The Earlies

The Earlies
These Were the Earlies
Secretly Canadian

“Mother Mary and the Morning Wonder, take me home.”

No review of The Earlies’ “These Were the Earlies” would be sufficient without giving due mention of this line. It’s the only line in

the album’s intro “In the Beginning…” and it’s the one of two lines repeated through track “Morning Wonder.” In closer “Dead Birds” the line crops up in abbreviated form as the band signs off with “Mother Mary, take me home.” It’s the foundational sentiment of the album, but what it means, I’m not quite sure.

If nothing else, it has a spiritual element to it. The line contrasts the rigidity of a largely Catholic entity (Mother Mary) with the undefined qualities of the more mystic “Morning Wonder.” It’s an interesting juxtaposition, but the album as a whole leans considerably more to the mystic end of the continuum than the former.

A collection of partially dream-like songs, the album includes lyrics that pivot on spiritual ideas and ethereal, instrumental melodies. Themes include existential angst (“One of Us Is Dead”), sight and blindness (“25 Easy Pieces”), Sunday morning (“Bring it Back Again”) and of course, being taken home by Mother Mary.

In the album’s best track (“The Devil’s Country”) the band strays from its predominately celestial formula, trading the bulk of the electronics for drums and horns. With parts much akin to a pep band fight song, the track keeps its feet on the ground. It’s appropriate, considering the name of the song. The pep band is employed again, to a lesser degree, in closer “Dead Birds.”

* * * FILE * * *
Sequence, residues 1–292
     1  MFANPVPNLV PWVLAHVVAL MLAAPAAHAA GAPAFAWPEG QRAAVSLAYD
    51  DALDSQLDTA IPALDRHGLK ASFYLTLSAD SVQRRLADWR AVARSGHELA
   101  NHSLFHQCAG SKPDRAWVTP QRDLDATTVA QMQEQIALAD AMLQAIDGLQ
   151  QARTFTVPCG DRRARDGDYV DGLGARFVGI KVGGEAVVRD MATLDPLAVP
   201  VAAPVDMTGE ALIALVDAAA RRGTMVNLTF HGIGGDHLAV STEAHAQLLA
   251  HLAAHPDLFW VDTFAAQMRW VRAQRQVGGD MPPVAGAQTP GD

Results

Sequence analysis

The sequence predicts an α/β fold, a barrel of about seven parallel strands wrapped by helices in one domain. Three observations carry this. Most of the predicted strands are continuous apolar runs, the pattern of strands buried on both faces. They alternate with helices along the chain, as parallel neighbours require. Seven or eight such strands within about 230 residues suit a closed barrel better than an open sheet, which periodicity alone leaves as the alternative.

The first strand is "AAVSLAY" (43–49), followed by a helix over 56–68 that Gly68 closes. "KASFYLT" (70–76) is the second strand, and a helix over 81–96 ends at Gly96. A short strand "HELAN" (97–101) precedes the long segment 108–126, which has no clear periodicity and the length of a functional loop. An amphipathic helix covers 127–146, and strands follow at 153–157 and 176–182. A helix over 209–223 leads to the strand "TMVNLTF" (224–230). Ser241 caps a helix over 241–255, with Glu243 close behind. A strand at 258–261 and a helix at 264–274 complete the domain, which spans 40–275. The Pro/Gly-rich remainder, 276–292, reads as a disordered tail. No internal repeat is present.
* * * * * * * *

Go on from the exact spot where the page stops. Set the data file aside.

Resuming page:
The rest of the tracks are conversely mellow and other-worldly. They represent some kind of spiritual journey with “home” as the preferred destination. Song titles like “Wayward Song” and “Slow Man’s Dream” give you a sense of what we’re dealing with here. Lyrics are pretty much up for interpretation. The band lays down lines like “Those things we thought of, when will they get back to where they once belong?” in “Song for #3” and “The clock can’t see in front of itself, it only sees from behind” in “25 Easy Pieces.” That last one is funny because I always thought clocks had faces, which (using a little personification) tells me they do see from the front.

Overlooking logical shortcomings in the lyrics, “These Were the Earlies” is not without a sort of depth. The Earlies, with their incoherence

and vagueness, give latitude for contemplation.

The musical composition is full without being burdensome, resulting in an appropriate medium for the band’s message. And that message is,

clearly, something about Mother Mary and

wanting to go home.

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